Christo will be more famous than Andy Warhol until next Sunday when
his Gates in Central Park come down. "This is so stupid," my 14-year-
old son Ben said as I took him through the Gates the night before
their saffron fabric was unfurled. "This is a stupid waste."
In fact, Christo makes contemporary landscape art in the tradition of
Cadillac Ranch, Robert Smithson's Spiral Jetty, and Walter de
Maria's Lightening Rods and Earth Room. Christo quotes Bronowski in a
1979 Unmuzzled OX:
"Man is a singular creature. He has a set of gifts which make him
unique among the animals: so that, unlike them, he is not a figure in
the landscape--he is a shaper of the landscape. In body and mind he
is the explorer of nature, the ubiquitous animal, who did not find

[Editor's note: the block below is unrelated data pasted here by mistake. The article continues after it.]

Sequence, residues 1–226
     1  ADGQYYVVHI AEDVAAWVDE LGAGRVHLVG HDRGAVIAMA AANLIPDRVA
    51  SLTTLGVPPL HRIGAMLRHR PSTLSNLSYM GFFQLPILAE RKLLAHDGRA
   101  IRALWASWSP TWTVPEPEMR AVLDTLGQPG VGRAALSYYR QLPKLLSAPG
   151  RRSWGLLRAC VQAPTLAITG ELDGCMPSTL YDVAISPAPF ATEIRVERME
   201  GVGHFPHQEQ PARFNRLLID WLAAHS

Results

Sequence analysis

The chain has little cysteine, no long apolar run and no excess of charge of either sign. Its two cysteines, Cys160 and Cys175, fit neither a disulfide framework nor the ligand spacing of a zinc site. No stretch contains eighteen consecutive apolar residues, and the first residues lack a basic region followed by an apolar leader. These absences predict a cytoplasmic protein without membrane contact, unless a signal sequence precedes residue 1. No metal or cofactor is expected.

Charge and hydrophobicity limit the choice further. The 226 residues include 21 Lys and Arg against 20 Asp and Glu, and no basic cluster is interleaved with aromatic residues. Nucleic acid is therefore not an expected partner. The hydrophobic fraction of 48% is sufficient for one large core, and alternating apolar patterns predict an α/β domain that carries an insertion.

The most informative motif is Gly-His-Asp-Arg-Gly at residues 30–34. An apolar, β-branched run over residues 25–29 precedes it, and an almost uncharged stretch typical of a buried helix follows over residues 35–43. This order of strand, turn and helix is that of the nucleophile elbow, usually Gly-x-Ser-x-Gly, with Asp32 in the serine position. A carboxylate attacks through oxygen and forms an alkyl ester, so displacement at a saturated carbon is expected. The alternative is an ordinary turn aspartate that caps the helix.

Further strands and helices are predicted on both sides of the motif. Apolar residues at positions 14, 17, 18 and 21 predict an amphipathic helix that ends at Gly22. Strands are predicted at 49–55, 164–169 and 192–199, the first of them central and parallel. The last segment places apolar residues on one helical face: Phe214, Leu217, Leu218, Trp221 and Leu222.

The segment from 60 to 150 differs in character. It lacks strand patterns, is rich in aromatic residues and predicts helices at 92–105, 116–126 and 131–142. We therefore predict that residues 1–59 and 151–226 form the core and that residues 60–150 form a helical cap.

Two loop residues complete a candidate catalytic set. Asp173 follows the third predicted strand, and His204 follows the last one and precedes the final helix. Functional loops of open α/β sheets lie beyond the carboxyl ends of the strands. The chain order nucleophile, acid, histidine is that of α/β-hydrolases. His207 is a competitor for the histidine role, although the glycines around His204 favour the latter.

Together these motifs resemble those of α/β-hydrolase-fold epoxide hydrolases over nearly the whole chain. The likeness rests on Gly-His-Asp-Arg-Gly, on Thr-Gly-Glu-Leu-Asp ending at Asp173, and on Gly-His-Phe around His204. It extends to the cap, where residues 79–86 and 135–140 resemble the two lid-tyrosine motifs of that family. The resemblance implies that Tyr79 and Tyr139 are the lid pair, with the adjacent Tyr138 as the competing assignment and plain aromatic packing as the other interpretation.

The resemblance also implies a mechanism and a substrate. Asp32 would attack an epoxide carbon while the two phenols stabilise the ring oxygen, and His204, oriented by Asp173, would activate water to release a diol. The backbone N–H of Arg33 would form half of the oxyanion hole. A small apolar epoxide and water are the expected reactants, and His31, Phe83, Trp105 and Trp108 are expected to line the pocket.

but made his home on every continent."
New York was Christo's last continent. Unlike Smithson and, say,
Michael Heizer, Christo's landscape art is temporary and often urban.
He covered the Pont Neuf and the Reichstag and set up umbrellas in
California and Japan. My friend David Bourdon wrote his last book on
Christo, and Christo wrapped copies in brown paper, and David gave
them away to friends. I've never opened mine.
Right now today Christo is the rage. New York's just mad about
saffron. Everybody seems to have dug out a saffron scarf or jacket or
even sleeping bag. The saffron of The Gates oddly matches the color
of Jeanne-Claude's hair. Isaac Mizrahi seems to have bought a swath
from the dynamic couple: it's in his window in TriBeCa. Christo also
cited this Bronowski passage in OX:
"[Man's] imagination, his reason, his emotional subtlety and
toughness, make it possible for him not to accept the environment but
to change it. And that series of inventions, by which man from age to
age has remade his environment, is a different kind of evolution--not
biological, but cultural evolution. I call that brilliant sequence of
cultural peaks `The Ascent of Man.'"